Some critiques of Esther portray her as “passive and devious,” according to Michael V. Fox. Fox finds such judgments “misguided.” In contrast, Fox points out how Esther underwent a metamorphosis: “Esther has a great challenge thrust upon her. In facing it, she gains three powers that could not have been foreseen from her early behavior: agency, strategy, and authority.”

As the narrative unfolds, Esther models courage in going before the mercurial king (Esther 4:11;  5:1-4), cunning in how she entraps Haman in his hubris and hatred of the Jews (Esther 5:9-14), and compassion in how she advocates for her people (Esther 4:15-17). Esther becomes a model for Jewish leadership while in bondage in exile. Regarding this matter, Fox writes,

In Esther, the author has created a model for Jews in the diaspora, who in the absence of a national state and army, must rely on their own courage and ingenuity to deal with dangers…This picture should not, however, be understood as a reassessment of woman’s stature. Rather, it is an attempt to reconceive the status of Jews in a new context.[2]

Even if the Book of Esther does not argue for a reassessment of women’s place in the ancient world, it certainly goes a long way toward opening the door to new possibilities. We should honor Esther’s accomplishments as a courageous, cunning and compassionate leader on behalf of God’s suffering people. Esther leads us forward in demonstrating human agency in contending against the objectification and oppression of people wherever it is found.

Like Jesus after her, Esther puts people’s interests above her own. As a result, she faces the very real threat of losing not only her position as queen but also her life. We find this theme of self-sacrifice in play in the Fast of Esther. The text in Esther 4 reads:

Then Esther told them to reply to Mordecai, “Go, gather all the Jews to be found in Susa, and hold a fast on my behalf, and do not eat or drink for three days, night or day. I and my young women will also fast as you do. Then I will go to the king, though it is against the law, and if I perish, I perish.” Mordecai then went away and did everything as Esther had ordered him (Esther 4:15-17; ESV).

Like Moses before her, God raises up Esther as a savior for her people Israel. Together they foreshadow Jesus who delivers his people from their bondage to sin and liberation from oppression. During Lent, Christians would do well to remember the Fast of Esther and Purim, which their Jewish brothers and sisters honor, as instituted in Esther 9:20-22:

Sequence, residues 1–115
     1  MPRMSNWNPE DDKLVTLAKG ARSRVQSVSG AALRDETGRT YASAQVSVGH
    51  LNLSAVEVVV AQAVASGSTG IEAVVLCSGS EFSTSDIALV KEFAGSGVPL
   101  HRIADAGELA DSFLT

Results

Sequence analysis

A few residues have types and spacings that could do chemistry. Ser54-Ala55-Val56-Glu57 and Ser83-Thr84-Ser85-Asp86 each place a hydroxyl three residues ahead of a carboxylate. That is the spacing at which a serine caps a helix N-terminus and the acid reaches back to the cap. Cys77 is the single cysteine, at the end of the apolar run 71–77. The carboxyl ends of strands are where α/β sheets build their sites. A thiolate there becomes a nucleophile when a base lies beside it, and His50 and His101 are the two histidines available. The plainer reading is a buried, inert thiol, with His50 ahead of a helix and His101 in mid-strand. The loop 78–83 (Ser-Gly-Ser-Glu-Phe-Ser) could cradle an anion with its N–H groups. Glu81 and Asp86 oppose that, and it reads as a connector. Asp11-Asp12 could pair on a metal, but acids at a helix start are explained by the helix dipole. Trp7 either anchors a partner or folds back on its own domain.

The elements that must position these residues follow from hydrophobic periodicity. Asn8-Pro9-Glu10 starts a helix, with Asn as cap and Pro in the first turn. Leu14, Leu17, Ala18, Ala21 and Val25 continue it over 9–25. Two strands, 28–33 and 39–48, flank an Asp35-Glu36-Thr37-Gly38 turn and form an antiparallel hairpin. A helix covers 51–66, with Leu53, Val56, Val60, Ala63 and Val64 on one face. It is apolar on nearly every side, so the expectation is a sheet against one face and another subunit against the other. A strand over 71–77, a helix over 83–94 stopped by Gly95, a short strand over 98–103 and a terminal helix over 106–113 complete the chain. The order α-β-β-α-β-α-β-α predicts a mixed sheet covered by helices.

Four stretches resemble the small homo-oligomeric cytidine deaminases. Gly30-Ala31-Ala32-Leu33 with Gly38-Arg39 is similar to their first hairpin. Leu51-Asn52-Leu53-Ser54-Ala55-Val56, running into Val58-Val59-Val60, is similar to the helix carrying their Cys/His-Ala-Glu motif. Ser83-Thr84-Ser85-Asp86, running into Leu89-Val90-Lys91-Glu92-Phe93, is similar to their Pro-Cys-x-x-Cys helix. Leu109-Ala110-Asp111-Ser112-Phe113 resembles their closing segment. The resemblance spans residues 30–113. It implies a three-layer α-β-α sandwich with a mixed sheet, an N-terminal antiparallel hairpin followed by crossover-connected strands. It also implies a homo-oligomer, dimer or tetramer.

And Mordecai recorded these things and sent letters to all the Jews who were in all the provinces of King Ahasuerus, both near and far, obliging them to keep the fourteenth day of the month Adar and also the fifteenth day of the same, year by year, as the days on which the Jews got relief from their enemies, and as the month that had been turned for them from sorrow into gladness and from mourning into a holiday; that they should make them days of feasting and gladness, days for sending gifts of food to one another and gifts to the poor (Esther 9:20-22; ESV).

May we take to heart God’s providential care for Israel and the Church. May we also honor great leaders like Esther and follow their example. You don’t need to be Jewish to honor Esther’s Fast and Purim. But you do need to believe God providentially cares for Abraham’s people. You don’t need to be a man to be a great leader of all the people or a woman to honor International Women’s Day. But you do need to stand with women in cherishing their accomplishments and confronting inequity and abuse committed against them wherever it exists.

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[1]On this subject, see Judith Hauptman, Rereading the Rabbis: A Woman’s Voice, Radical Traditions (Boulder, CO.: Westview Press, 1998).

[2]In addition to Fox’s online article from which the quotes are taken, see his earlier work on which the article builds: Michael V. Fox, Character and Ideology in the Book of Esther (Columbia: University of South Carolina Press, 1991; 2nd ed.: Grand Rapids: Eerdmans, 2000; reprint: Eugene: Wipf & Stock, 2010). In his online treatment, Fox affirms the feminist perspective of Sidnie D. White-Crawford, as set forth in “Esther: a Feminine Model for Jewish Diaspora,” in Gender and Difference in Ancient Israel, ed. Peggy Day (Minneapolis, MN: Fortress), pages 161-177. I also reference her encyclopedia article on Esther here.